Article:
Discrimination Against Bladders and Kidneys; or the (not so) Public Toilet


The recent bias episode of two gentlemen arrested in a Starbucks after one asked to use the public toilet brings up many serious questions. Why did an employee call -911? Why arrest the men and not arrest me when I've ask the same question in Starbucks? And when the hell will we ever learn, to quote the iconic lyrics of my youth?

Another question is when did public toilets stop being available to the public, only available to the paying public?

Is the requirement to buy something in a business to pay for the toilet's wear and tear, toilet paper, water, soap etc? Or is it mandated to prevent those people from using it? Talk about another example of dehumanizing bias.

How much should a human animal pay to use the public toilet? In the Waterloo UK train station the public female toilet costs 30 pence, or 43 cents US as of today's internet exchange rate. So would it be reasonable to charge 50 cents to use the public toilet in America?

And why is it so often businesses that sell food and drink to the public who do not allow the public to use their public toilet? Don't these businesses realize that their products are why people need toilets? Biology 101 people, we are animals who need to urinate and/or defecate. If you don't allow us to do so sanitarily, you are contributing to potential public urination (and worse).

The good businesses I frequent like Target, Bed, Bath and Beyond, Trader Joe's and all grocery stores offer free toilets. Stew Leonard's even had flowers in the public toilets, oh joy! None of these ever demanded that I buy first and pee later. Some even put their public toilets by the public front door, welcoming they human customers with biological needs.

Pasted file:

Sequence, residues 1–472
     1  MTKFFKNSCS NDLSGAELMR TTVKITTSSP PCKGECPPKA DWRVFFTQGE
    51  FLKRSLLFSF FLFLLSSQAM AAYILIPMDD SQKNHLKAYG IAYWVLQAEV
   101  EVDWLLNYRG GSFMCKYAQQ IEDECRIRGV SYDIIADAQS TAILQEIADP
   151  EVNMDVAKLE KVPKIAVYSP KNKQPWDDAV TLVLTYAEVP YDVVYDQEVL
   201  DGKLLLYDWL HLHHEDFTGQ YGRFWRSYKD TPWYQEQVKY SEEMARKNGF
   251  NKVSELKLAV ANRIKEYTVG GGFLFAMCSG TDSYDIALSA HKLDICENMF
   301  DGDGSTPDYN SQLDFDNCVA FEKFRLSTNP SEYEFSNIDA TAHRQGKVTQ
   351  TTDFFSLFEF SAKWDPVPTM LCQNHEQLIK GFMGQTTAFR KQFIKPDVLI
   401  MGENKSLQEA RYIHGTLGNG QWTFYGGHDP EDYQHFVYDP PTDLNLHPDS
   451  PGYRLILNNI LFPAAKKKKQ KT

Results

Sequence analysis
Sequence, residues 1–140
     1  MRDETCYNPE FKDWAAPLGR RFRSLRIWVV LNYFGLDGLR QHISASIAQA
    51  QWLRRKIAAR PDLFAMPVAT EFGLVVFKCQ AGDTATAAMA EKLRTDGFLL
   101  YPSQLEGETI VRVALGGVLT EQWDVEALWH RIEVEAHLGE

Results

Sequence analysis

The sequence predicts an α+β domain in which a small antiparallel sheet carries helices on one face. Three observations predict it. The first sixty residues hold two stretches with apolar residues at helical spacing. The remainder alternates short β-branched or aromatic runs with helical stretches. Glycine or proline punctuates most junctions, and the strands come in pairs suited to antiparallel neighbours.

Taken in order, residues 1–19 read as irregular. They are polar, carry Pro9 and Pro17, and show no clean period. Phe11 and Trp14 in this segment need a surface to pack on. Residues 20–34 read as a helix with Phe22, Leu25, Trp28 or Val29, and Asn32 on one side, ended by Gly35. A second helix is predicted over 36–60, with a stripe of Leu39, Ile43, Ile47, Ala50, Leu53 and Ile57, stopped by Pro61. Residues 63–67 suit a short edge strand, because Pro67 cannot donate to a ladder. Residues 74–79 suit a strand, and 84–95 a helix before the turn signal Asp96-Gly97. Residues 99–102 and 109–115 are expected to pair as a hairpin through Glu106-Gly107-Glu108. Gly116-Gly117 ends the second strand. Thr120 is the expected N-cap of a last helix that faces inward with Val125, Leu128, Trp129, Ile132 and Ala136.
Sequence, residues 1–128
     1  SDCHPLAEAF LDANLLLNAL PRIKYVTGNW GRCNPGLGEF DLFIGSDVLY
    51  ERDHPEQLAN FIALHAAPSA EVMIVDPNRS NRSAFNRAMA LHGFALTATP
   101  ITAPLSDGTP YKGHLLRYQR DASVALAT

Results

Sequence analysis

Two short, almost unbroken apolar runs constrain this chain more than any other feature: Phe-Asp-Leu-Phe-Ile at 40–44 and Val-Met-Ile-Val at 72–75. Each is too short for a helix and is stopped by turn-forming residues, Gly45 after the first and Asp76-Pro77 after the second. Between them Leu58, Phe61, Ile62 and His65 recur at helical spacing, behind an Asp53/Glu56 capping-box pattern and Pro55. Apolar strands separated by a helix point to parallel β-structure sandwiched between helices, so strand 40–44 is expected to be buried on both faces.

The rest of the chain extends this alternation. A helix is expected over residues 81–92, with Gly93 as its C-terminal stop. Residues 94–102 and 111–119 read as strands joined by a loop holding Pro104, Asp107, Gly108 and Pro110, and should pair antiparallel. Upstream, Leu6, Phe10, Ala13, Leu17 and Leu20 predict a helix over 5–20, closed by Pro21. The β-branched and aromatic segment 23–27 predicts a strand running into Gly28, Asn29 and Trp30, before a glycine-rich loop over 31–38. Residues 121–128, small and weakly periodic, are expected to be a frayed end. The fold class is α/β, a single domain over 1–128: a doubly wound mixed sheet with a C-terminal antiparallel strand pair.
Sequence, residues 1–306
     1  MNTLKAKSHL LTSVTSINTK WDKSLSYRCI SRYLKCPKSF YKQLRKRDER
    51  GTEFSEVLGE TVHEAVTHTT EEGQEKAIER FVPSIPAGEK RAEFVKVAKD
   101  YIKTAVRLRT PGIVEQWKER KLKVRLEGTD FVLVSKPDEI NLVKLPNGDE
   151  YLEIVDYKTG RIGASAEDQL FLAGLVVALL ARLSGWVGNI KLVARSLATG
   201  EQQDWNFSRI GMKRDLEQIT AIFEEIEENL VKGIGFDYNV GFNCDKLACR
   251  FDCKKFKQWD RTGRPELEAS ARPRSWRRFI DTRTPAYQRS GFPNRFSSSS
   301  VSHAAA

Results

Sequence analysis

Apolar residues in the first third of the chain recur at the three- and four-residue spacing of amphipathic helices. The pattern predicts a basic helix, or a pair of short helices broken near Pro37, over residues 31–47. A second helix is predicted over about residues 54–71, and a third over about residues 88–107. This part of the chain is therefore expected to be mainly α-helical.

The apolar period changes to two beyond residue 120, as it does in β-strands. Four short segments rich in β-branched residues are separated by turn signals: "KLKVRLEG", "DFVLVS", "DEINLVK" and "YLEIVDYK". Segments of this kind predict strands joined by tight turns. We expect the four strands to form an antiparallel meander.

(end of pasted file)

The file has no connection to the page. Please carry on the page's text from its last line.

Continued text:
Grow up American business to give my kidneys and bladder a break. Open up the toilet to humans.





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    Candace Drimmer

    I was an accidental expatriate; love and marriage led me to it. One day I was a bandy-legged kid sitting atop my dogwood tree looking out of my small backyard world in 1950s New Jersey, wanting to move somewhere--anywhere, different. Next thing I knew my father had accepted a job in Houston TX. I was ecstatic, it was a foreign land in 1961 America. After high school graduation, my parents’ gave me a matched set of fawn-colored hardsided American Tourister luggage. Taking the hint, I went to college; well four colleges in five years--it was the 60s after all. Meeting a young hirsute anti-war, soon-to-be-Peace Corps volunteer, I fell in love. After finishing up college coursework for my degree, but before I even walking a graduation stage, I grabbed the paper airline ticket my boyfriend had sent me, my brand-new passport, and was off to the airport and Lima, Peru.

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